One of the standard devices philosophers use to explore consciousness is the philosophical zombie. My zombie is something that looks just like me, acts like me, and in every case would do whatever I would do—except it has no conscious experience. So at Christmas my zombie would read the story from Luke and get all teary-eyed. It would go for runs and in those cases where I might speed up or slow down or take a new turn and explore routes it would do the same. If it were teaching a class it would pause in the exact places I would, make mistakes in pronunciations, and in every situation it were placed it would do what I would do—except it has no sensual experience at all. No thoughts. Nothing. Philosophical zombies (and that’s the last time I say ‘philosophical’ zombie, now they are just zombies so don’t think of Night of the Living Dead anymore) have their roots in the world—sort of. That’s where they get their power as thought experiments.
Is there anything like zombie in the real world?
First blindsight. Blindsight is a condition where someone is genuinely and truly blind, but nothing is wrong with her eyes. Somewhere there is a breakdown between the brain’s processing of sight and the sight being doled out to consciousness, but somehow the brain, at some level, still has the information. So if you show this person a set of keys and say, ‘What am I holding?’ She’ll say, “I don’t know. I’m blind.” So you say, “Well, just guess.” She pauses and looks thoughtful and says, “Keys.” Then you ask her, “What color are they?” (Let’s say they are red so that Mary in our last post can’t see the color!) She says, “I don’t know. I’m blind remember.” “Guess.” “Ok, ummmmm, They’re red.” So here is a real-world example of someone without conscious sight but they are good at guessing what they should be seeing.
So let’s imagine a more extreme version of this. A Zombie-sighted person would be someone who is really, really good at this. He could move completely as a seeing person, but without any conscious sight at all (as far as I know this is just a philosophical construction and no real ones exist). He would just intuit everything. He would reach for a glass of water, drive grandma to the doctor’s, and shop for the groceries (even compare the ingredients between two spaghetti sauces and intuit that this one had basil and the other did not). All the while just sort of guessing what to do. He might even stand in front of a sunset and say, “I can’t see what’s in front of me, but I know it’s a sunset filled with fiery red, ardent yellows, and I know it is absolutely beautiful. Maybe the most beautiful sunset I’ve never seen.”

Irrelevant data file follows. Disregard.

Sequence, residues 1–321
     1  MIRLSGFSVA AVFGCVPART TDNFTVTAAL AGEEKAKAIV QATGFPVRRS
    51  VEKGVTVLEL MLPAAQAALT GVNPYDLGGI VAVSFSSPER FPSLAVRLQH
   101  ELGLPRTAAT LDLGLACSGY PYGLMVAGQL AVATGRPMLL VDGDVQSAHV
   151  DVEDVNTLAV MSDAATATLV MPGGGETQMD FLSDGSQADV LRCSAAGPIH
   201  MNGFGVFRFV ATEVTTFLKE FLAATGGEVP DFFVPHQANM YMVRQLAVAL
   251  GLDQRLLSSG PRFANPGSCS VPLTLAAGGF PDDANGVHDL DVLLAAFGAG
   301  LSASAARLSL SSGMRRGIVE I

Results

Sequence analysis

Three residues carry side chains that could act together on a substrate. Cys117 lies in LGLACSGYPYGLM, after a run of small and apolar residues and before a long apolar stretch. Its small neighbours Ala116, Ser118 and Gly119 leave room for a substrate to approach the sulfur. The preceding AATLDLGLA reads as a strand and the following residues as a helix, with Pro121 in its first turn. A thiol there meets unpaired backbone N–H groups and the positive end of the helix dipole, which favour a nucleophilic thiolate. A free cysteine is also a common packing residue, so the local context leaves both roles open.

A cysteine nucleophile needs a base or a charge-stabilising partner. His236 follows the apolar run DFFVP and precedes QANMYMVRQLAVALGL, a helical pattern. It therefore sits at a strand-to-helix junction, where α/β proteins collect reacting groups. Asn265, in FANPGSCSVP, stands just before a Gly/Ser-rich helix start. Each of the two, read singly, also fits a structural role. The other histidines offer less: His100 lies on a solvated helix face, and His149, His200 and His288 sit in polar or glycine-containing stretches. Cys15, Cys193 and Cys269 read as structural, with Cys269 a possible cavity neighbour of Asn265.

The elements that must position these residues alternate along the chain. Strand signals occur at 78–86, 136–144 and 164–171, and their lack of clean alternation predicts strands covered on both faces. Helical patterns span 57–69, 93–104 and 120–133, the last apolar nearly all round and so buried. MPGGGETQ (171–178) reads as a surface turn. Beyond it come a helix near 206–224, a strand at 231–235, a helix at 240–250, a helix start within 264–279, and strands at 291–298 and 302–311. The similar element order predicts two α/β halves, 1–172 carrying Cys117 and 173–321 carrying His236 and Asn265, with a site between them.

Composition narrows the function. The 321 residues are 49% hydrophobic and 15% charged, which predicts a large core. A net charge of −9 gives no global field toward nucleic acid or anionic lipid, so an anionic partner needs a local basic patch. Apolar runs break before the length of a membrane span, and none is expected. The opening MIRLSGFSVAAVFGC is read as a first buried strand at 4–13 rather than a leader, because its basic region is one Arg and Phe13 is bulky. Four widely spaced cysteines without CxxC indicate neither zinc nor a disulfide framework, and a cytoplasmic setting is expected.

So extrapolating this even further, to the extreme even, the philosophically complete zombie is someone who does all this without any conscious experience at all. Nothing. The lights are on but no one is home.
The other place zombies get some purchase as thought experiments is from is sleepwalkers. These people are not dreaming. They aren’t in REM sleep, they are out big time. No consciousness at all (You are actually conscious in REM sleep, but in a rather different kind of consciousness.) But they can do all kinds of things like go for a drive. Rearrange the furniture. Rake the leaves. Whatever.
So you take blind sight, add sleepwalking, and you can imagine a world where inhabitants do everything humans do, but don’t have conscious experience. They are truly Cartesian machines. Let’s imagine this world is just like our world. Exactly. I’m there, you are there, in zombie form. Your zombie goes to see Star Wars and raves about Jar-jar Binks as one of the most complex characters ever created in film literature. These zombies argue about evolution and creation. They have elections and elect people and act joyous when their candidate is elected, and say sorrowful things when their candidate looses, but they feel nothing. When music is played they dance. They are just like our super blindsighted person except, they are blind to all sensation–more complete in the totality of what they are blind to. Blind to everything we associate with consciousness.
If you ask them if they are conscious they will look at you like something is deeply wrong with you, raise an eyebrow, and say “Of course, are you?” If you ask them if they can perceive the ineffable sense of what it’s like to see the color red, they will look thoughtful and say, “I just can’t describe the beauty and wonder of the color I am seeing.” Of course these are just behaviors they go through when confronted with such questions, there is, by stipulation, no experience of red or any other color. They do have our complete behavioral repertoire however.
Is such a world possible? Physically? Logically? Can you imagine such a world? More important to this post: From a scientific perspective how would you tell our world and their world apart? Well how would you? Really. How would you?